Streams

Degenerate Art: Hitler's War on Modernism

Friday, January 17, 2014

An upcoming museum exhibition and film remind us that German dictator Adolf Hitler declared a war on modern art, branding it as "degenerate," seizing it from private owners, and often selling it to help finance the Third Reich.

In the summer of 1937 Hitler organized an infamous art show in Munich — “Degenerate Art” — that brought together more than 600 works by Cubists, Surrealists and other modern artists, says WNYC's art critic Deborah Solomon. Hitler hated Pablo Picasso, Henri Matisse and just about every artist who experimented with abstract painting.

Hitler went on to sell those works, and to this day they are still popping up in private homes, and even at the German Parliament.

Solomon said the new movie The Monuments Men, featuring George Clooney, and an upcoming exhibit at the Neue Gallery bring back to the table the issue of Hitler's deep impact in the arts. Not his taste, she said, so much as the way he elevated the power of the state and forbid free expression. Solomon said Hitler himself was a frustrated artist, who applied to art school in Vienna and was turned down. "It's often said that history would have been very different had he been accepted to school."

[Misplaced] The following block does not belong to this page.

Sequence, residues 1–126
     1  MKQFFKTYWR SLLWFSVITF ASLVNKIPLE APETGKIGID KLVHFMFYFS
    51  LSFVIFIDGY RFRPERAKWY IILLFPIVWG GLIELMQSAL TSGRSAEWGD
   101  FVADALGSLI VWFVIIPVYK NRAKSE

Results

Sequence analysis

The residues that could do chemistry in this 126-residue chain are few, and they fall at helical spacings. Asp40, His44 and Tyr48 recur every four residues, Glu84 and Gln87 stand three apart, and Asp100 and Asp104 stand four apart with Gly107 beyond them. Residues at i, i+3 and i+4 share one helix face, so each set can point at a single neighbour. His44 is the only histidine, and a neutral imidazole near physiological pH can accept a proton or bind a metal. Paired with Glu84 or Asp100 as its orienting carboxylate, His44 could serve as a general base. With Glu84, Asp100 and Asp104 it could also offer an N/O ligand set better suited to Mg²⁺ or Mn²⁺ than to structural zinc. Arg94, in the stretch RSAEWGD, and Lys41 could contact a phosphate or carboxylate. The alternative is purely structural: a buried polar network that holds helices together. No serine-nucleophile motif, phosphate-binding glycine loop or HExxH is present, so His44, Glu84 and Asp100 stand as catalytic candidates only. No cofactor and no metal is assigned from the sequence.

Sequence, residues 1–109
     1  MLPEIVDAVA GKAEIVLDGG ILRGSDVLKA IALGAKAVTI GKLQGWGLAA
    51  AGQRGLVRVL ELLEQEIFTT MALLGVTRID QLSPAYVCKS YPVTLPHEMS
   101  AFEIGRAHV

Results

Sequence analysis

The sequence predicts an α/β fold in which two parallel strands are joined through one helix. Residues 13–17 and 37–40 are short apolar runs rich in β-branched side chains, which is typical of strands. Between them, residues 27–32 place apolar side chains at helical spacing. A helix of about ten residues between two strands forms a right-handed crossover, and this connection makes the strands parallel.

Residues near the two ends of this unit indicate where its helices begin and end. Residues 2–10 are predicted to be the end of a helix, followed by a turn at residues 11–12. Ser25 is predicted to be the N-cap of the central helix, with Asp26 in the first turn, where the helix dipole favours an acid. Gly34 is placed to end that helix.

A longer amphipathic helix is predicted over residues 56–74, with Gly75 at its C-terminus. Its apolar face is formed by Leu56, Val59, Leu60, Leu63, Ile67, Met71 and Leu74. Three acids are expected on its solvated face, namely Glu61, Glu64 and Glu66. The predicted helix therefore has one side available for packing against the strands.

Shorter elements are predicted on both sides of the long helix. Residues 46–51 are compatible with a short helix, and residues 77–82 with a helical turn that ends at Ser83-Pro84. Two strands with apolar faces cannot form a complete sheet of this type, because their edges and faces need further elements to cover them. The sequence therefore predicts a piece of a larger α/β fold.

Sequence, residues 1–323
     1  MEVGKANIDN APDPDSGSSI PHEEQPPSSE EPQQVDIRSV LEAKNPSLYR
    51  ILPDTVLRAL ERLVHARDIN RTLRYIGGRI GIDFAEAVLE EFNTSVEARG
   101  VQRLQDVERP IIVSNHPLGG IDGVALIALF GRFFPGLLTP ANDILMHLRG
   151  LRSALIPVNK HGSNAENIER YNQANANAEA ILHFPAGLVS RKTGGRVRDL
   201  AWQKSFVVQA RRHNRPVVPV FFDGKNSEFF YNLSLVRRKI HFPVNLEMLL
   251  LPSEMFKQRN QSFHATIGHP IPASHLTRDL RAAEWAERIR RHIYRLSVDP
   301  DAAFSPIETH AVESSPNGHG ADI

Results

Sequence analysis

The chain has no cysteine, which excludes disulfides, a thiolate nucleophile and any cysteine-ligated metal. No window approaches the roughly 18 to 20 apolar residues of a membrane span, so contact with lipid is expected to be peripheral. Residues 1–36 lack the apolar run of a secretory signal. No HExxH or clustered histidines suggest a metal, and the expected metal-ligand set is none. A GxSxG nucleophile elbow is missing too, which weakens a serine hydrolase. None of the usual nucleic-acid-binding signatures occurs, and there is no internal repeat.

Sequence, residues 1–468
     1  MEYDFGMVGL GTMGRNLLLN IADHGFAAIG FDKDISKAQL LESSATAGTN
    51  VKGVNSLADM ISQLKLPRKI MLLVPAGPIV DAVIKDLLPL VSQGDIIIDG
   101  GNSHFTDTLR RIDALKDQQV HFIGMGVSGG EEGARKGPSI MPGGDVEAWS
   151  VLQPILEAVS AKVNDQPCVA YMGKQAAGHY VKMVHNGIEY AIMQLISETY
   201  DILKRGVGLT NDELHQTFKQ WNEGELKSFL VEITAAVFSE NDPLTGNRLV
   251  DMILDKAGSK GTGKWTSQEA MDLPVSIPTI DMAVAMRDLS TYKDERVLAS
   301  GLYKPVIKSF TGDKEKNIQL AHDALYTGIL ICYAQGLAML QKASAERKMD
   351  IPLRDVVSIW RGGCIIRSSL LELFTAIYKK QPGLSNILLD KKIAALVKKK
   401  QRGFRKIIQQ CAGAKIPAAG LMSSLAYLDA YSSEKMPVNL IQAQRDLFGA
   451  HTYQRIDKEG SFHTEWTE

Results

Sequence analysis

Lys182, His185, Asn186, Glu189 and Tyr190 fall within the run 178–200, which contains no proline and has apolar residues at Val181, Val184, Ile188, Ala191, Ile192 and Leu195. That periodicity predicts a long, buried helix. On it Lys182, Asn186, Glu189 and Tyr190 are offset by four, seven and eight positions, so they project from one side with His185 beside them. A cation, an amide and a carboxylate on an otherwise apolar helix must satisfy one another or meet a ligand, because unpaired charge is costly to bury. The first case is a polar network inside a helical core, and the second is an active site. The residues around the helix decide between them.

Guests:

Deborah Solomon

Hosted by:

Soterios Johnson

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Comments [4]

Scott Gutterman from New York

This story, as related by Deborah Solomon, is extremely compelling. One important correction, though: the museum name is spelled Neue Galerie, not Neue Gallery. Can this be corrected? Many thanks.

Jan. 17 2014 10:43 AM
Rachel Klein from nyc

Hi Deborah,
I think for the portion of the public not aware of this aspect of WWII, seeing both the collection of Hitler and the art he deemed degenerate may be educational. Even those aware of this dark period will find it relevant.
And just an aside - with regard to WWII and stolen art, there is collective blame that extends the boundaries of Germany including the United States in which art dealers knowingly sold plundered art.
rk

Jan. 17 2014 08:06 AM
Andrew Campbell from Putnam County, NY

Selling the art to finance the Third Reich is less hypocritical than saying Hitler's taste in art is not relevant because we don't have the same taste. There is a lot of relevance to art beyond aesthetics--it is elemental (and central and very important) in human experience. I think Hitler's taste and personality are very important to us--we have lived beyond the 20th Century but not beyond the results and implications inherent in it.

Jan. 17 2014 08:03 AM
Erik from Scarsdale

Your "art critic" won't even look at hitlers art?!? She's more closed minded than... Than... Hitler?!?

Jan. 17 2014 07:53 AM

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